Why music is the food of life
My great grandmother, grandmother and mother all played the piano, it is not surprising therefore that at the age of five I ventured, distinctive music bag in hand, to a spooky house complete with grand piano and a cat called Smokey for piano lessons.
This set me on a path which would fashion the rest of my life. It would lead me to opportunities I would never have thought possible: a university education, a life-time career as a university academic, presenting a paper in the Rachmaninov Hall of the Moscow Conservatory, a speech to confer an honorary Doctorate on Sir Peter Maxwell Davies, Master of the Queen’s Music, at the Royal Albert Hall, directing the performance of the Mystery Plays at Pannonhalma Archabbey in Hungary, to managing and quality assuring a Music Degree at the University of Hong Kong.
So for as long as I can remember, music has played a significant role in my life. For me, music is an integral part of my daily life. With my children and now grandchildren, we sing our way through the day, in both happy and sad times. Music, over the years, has therefore provided both joy and solace.
Attending West Sussex Federation’s annual meeting via Zoom, I was deeply moved by the singing of Jerusalem. Why? Because this silent performance, a myriad of intense faces, seemingly only mouthing the words, epitomised the last year of isolation and enforced lockdown, devoid of human interaction. A time in which many Pastime[s] with Good Company (Henry VIII), that we had taken for granted, were snatched from us.
When planning our 2021 Annual Council Meeting I was determined to include music. Heralding the proceedings with suffragist Cicely Hamilton’s March of the Women, set to music by suffragette Ethel Smyth (which became the anthem of the suffragette movement), with its final rousing call to March, march – many as one, Shoulder to shoulder and friend to friend seemed an admirable call to arms as we together, members of the WI, step out of lockdown.
And Jerusalem — well, the temptation to use the Centenary Annual Meeting at the Royal Albert Hall was too great, with the Royals, including Sophie, Countess of Wessex (a member of my own WI, Bagshot) and all those joyous faces of the assembled members.
But why Jerusalem? Some members think that it is outdated and presents a negative image. The history of the adoption of Jerusalem as an anthem of the WI is fascinating. Originally composed by Herbert Parry (1916) to a text by William Blake (1808) ‘to brace the spirit of the nation’, Millicent Fawcett sought permission to adopt Jerusalem as the anthem of the suffragette movement. Coincidentally it was first sung by massed women at the Royal Albert Hall at a suffrage rally in 1918.
Grace Haddow, suffragist, musician and a founder of the Women’s Institute, was inspired to transfer Jerusalem from the suffrage movement to the WI. She recognised the similarities between the organisations, of empowering women and fighting for their freedom of expression, so from 1924 Jerusalem became the anthem of the WI.
For me, the marker of my return to face to-face WI meetings will be the opportunity to sing Jerusalem with my fellow WI members. It will herald not only the future but will also be a poignant reminder of the loss to Covid-19 of Bagshot WI member Ruth Stockley, whose bell-like tones always shone through our rendition.
Your WI may or may not sing Jerusalem, but I am sure that singing, acting, and dancing are an integral part of your WI programme, just as it is for all cultures. I find it fascinating that in some African cultures there is a single word which takes in all aspects of singing and dance, because these acts are so inextricably linked.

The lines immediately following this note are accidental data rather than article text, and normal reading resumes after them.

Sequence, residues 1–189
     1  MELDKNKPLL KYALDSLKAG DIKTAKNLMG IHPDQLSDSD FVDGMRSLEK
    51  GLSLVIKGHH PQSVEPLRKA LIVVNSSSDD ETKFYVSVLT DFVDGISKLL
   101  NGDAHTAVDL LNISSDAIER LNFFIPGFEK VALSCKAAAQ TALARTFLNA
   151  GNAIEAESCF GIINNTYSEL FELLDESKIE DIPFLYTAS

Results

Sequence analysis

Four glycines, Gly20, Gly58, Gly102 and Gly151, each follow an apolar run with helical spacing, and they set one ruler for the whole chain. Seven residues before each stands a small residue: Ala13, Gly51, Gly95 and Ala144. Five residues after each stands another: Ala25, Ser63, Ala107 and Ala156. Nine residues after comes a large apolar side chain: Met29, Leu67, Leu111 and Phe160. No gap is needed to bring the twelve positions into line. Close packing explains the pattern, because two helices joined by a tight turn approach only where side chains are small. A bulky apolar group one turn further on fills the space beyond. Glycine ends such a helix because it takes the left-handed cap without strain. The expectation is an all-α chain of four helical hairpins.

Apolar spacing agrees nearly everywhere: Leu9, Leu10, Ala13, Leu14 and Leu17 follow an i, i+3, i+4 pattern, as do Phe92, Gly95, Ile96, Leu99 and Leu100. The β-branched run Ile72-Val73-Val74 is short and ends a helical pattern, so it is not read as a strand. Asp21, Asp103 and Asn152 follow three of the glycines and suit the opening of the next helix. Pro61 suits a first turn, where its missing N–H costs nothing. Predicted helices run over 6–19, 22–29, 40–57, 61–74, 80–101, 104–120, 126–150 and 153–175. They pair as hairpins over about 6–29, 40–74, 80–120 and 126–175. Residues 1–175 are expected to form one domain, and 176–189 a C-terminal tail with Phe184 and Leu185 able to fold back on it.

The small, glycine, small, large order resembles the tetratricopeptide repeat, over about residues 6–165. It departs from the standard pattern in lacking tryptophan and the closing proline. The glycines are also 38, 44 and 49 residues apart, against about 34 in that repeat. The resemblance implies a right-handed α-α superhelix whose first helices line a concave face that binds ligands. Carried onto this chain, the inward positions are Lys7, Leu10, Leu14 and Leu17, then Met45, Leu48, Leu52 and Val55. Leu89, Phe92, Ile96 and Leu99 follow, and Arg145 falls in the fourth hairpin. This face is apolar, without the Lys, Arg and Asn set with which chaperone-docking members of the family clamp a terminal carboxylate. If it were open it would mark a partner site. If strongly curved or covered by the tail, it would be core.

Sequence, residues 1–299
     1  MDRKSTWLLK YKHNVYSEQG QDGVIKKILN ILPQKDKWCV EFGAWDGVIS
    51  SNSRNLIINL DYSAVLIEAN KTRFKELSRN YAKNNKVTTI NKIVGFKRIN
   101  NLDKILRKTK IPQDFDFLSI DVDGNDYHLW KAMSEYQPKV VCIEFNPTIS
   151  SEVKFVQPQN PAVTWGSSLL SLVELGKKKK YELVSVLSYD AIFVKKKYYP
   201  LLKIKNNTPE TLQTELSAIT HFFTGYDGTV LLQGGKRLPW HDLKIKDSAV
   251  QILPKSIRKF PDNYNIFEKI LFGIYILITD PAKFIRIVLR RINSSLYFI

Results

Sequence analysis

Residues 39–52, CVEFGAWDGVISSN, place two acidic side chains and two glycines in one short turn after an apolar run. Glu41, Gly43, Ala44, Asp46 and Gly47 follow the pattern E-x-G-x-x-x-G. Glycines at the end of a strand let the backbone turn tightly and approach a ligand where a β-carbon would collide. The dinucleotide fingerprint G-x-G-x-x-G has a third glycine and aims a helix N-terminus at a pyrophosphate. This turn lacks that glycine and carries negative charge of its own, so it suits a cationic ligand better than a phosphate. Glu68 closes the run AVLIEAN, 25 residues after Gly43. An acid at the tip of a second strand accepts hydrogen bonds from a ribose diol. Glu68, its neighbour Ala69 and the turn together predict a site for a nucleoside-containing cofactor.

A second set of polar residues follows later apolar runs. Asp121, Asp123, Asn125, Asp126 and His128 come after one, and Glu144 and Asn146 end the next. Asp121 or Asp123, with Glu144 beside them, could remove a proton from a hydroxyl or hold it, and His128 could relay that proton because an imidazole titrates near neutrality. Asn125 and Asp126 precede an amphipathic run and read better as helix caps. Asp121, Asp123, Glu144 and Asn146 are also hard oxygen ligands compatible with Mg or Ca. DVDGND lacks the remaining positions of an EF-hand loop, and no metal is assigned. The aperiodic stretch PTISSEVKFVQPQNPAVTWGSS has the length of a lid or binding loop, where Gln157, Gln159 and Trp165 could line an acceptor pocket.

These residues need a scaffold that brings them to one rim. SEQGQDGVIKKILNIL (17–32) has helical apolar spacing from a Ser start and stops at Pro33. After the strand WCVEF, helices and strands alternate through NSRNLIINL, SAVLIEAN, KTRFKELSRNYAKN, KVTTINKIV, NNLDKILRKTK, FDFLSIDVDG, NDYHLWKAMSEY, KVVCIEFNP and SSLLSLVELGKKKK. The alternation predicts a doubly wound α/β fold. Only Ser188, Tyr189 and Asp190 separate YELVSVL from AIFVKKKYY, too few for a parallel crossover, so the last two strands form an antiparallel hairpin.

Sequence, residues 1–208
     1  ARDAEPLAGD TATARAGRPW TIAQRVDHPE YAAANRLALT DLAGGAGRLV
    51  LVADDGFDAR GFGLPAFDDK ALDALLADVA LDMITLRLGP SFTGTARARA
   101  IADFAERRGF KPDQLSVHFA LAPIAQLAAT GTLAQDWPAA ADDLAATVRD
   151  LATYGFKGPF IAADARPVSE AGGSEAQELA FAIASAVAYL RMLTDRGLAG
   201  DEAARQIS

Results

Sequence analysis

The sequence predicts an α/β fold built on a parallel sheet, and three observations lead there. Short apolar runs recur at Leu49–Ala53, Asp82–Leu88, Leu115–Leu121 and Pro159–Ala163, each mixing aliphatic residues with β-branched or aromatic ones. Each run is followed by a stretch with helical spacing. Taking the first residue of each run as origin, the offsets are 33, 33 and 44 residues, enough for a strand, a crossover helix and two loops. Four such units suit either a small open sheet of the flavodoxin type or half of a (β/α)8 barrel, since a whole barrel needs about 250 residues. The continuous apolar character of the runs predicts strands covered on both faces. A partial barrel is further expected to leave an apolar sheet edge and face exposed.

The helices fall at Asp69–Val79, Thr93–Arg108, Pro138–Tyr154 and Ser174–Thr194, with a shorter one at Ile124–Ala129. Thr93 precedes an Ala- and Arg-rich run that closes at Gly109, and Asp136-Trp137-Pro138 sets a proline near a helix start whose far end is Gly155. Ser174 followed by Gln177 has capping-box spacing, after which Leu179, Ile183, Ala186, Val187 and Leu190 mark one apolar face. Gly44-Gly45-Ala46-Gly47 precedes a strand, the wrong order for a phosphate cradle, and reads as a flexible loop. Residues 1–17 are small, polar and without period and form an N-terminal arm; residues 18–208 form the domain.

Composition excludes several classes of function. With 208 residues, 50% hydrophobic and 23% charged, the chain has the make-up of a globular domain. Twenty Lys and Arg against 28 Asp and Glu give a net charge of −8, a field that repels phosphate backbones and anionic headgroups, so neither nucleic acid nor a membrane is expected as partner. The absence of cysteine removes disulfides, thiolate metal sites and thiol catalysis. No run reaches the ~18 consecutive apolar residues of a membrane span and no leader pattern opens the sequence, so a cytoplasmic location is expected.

A lot has been said about well-being over the past year, and how engagement with arts, crafts and music make such a positive contribution. Music also plays a crucial place in the ceremonial marking of our transition through life. Music played a central and highly significant role in the Duke of Edinburgh’s funeral, whether it was Beethoven’s Funeral March, punctuated ‘with muffled drum’ as the coffin was brought out and ‘let the mourners come’ (Auden), cannon fire and the tolling of the curfew bell, to the sublime choral music. A moving and memorable moment.
As we move forward as a Federation, I fervently hope that we will be able to offer opportunities for all members to engage once again in performance. The Surrey Serenaders has long been a flagship of the Federation. It is hoped that this group will resume. If you are interested, then please email email@example.com whether it be as a singer, to help organise, or both.
Under the leadership of our most recently appointed trustee, Ruth Williams, the Federation hopes to develop its performing arts profile. I know that some of you have participated in play readings via Zoom, a super idea. If you are interested and wish to participate in performing arts activities then please email firstname.lastname@example.org — she welcomes all your ideas!
Surrey has a fine heritage in this area. I recall interviewing centenarian Joan Boxall for the Federation Centenary edition of SWIN, who talked about the many wonderful dramatic performances and choral competitions she took part in. I hope that we will be able to rekindle this spirit and engage in such endeavours.
As a music lecturer I was often asked what the value of a performing arts education is? The answer is legion but critically it enables participants to appreciate and connect with the past and present, to understand and celebrate distinctiveness, and to engage mind, body, and spirit as together we develop creative energies. I believe that these are just the things that will enrich our lives today and will help us once again to engage with and seek new meaning in the world and lead us into a new normal. Please join us.
Carol A. Gartrell, Chairman
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